Re-blogging from a Friend: Mike Somerset makes our Pan-seared Steak on the trail!

We here at Dear Martini strive to inspire and teach folks how to cook. When this blog post from Mike Somerset came through the chute, the feeling is indescribable. Mike lives in England and took our Pan Seared Steak recipe with him while hiking a trail in the Lake District.
It looks delicious, Mike! Thanks for sharing!

Mike Somerset

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For me one of the highlights of a day out and about on the Lake District fells is when I stop for a light lunch. I like to find a quiet, out-of-the-way spot off the trail where I can relax, contemplate and connect with the landscape. But mostly to eat. In this case it was, pretty much, a straight lift from my good friends at Dear Martini. I’m doing this on the trail, on a small gas burner. So I’ve had to adapt. For you to do this properly, don’t do what I do, instead, you should check out this posting Steak… With Benefits.

I have no pretence about my cooking knowledge and skills which are, shall we say, lacking. You see, for me food and cooking is a happy distraction from my main line of work. This is the reason why I love it when someone puts…

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Steak… with Benefits

It’s a universal truth that all cooks have to know how to properly sear a steak.  And yet only a few well-trained cooks know that properly searing a steak pays off dividends in the end.  Our preferred cut of steak is the New York; also known as the strip steak, the club steak or the  Kansas City, this particular cut of steak is flavorful and tender so there is no need to marinate.   The dividend?  When pan searing steaks, you can use the pan drippings to make a quick sauce.  In the time it takes for the steaks to rest, you can make a delicious light pan sauce.  It’s a benefit you should really take advantage and try.

Pan-Seared New York Steak with Red-Wine Pan Sauce

Serves 4

2 (10-ounce) New York strip steaks, cut 1-½ inches thick
Kosher salt and finely ground black pepper
1-½ tablespoons clarified butter
1 shallot, minced
½ cup dry red wine
1 sprig fresh thyme
1 cup low-sodium beef  or chicken stock
3 tablespoons unsalted butter, cubed and frozen until ready to use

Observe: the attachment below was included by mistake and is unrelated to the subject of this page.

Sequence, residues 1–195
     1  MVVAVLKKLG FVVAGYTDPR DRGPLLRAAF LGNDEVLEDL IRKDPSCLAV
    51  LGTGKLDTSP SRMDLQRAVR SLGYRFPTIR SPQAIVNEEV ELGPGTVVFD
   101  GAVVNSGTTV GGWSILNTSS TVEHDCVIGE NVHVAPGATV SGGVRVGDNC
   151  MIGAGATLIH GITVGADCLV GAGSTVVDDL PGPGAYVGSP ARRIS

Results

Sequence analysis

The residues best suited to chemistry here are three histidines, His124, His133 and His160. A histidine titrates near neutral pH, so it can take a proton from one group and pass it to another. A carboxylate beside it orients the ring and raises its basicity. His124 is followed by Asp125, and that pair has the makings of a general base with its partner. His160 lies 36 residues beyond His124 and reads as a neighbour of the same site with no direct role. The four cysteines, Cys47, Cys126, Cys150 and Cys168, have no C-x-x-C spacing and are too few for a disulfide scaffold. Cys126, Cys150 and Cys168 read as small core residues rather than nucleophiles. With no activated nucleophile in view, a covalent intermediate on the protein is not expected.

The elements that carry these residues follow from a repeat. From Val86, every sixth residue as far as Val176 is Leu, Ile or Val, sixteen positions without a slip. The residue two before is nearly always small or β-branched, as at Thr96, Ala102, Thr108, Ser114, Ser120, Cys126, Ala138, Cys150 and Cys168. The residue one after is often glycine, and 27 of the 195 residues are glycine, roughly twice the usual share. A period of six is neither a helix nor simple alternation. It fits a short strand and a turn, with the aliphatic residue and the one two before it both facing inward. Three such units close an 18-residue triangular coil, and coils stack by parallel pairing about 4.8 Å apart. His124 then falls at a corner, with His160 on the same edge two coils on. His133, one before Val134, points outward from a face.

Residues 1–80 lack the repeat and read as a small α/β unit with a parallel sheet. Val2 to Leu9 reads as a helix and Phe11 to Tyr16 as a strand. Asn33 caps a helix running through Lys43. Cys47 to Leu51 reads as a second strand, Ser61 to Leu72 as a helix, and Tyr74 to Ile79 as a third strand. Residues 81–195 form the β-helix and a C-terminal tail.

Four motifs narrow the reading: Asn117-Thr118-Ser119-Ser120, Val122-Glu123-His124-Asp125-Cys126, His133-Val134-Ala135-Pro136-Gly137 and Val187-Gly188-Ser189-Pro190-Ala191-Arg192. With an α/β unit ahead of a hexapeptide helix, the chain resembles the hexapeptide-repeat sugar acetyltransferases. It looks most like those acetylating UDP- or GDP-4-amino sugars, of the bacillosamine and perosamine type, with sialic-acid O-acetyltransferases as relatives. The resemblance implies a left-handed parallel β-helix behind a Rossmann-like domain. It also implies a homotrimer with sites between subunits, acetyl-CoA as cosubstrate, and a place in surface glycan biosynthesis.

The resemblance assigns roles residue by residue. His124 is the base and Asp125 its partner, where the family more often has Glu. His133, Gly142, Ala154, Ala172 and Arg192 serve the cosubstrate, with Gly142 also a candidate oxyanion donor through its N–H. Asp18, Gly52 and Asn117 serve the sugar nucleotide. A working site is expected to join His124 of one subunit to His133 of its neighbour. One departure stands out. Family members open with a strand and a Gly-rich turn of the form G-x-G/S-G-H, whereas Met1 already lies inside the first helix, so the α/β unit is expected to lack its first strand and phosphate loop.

Remove the steaks from the refrigerator 30 minutes before cooking.

Preheat the oven to 400˚F.  Pat the steaks dry with a paper towel and season with salt and pepper on both sides.

Heat a large sauté pan over medium-high heat, when hot, add the clarified butter and sear steaks 3 minutes on both sides.

Transfer pan to the oven and roast until medium-rare (a thermometer inserted into the center of the steak will register 127˚F), approximately 7 minutes or roast to desired doneness. Remove steaks from the oven and transfer to a clean plate. Tent steaks with foil to keep warm and let rest for 10 minutes while preparing the pan sauce.

Pour off all but 1 tablespoon of the drippings from the sauté pan and heat over medium-high heat.  Add the shallots to the pan and sauté until soft, about 1 minute. Deglaze the pan with the wine and scrape up the browned bits with a wooden spoon. Add the thyme and stock to the pan and bring to a boil.  Lower the heat to a simmer, and simmer until the liquid is reduced by half; about 7 to 8 minutes.  Add any accumulated beef juices from the resting steaks to the pan; simmer another minute.  Turn the heat off and swirl in the cold butter a couple pieces at a time until blended into the sauce.  Taste and season sauce with salt and pepper if needed.  Strain sauce (optional) and transfer to a small serving pitcher.

Slice steaks against the grain into 1/3-inch thick slices and serve with sauce.

*Cook’s note:  This Red-Wine pan sauce is an example of a simple sauce lightened and slightly thickened by swirling in a couple of tablespoons of butter.  The consistency of this sauce is light and not thick like traditional gravy.  It’s just a quick little sauce you can drizzle over your steaks.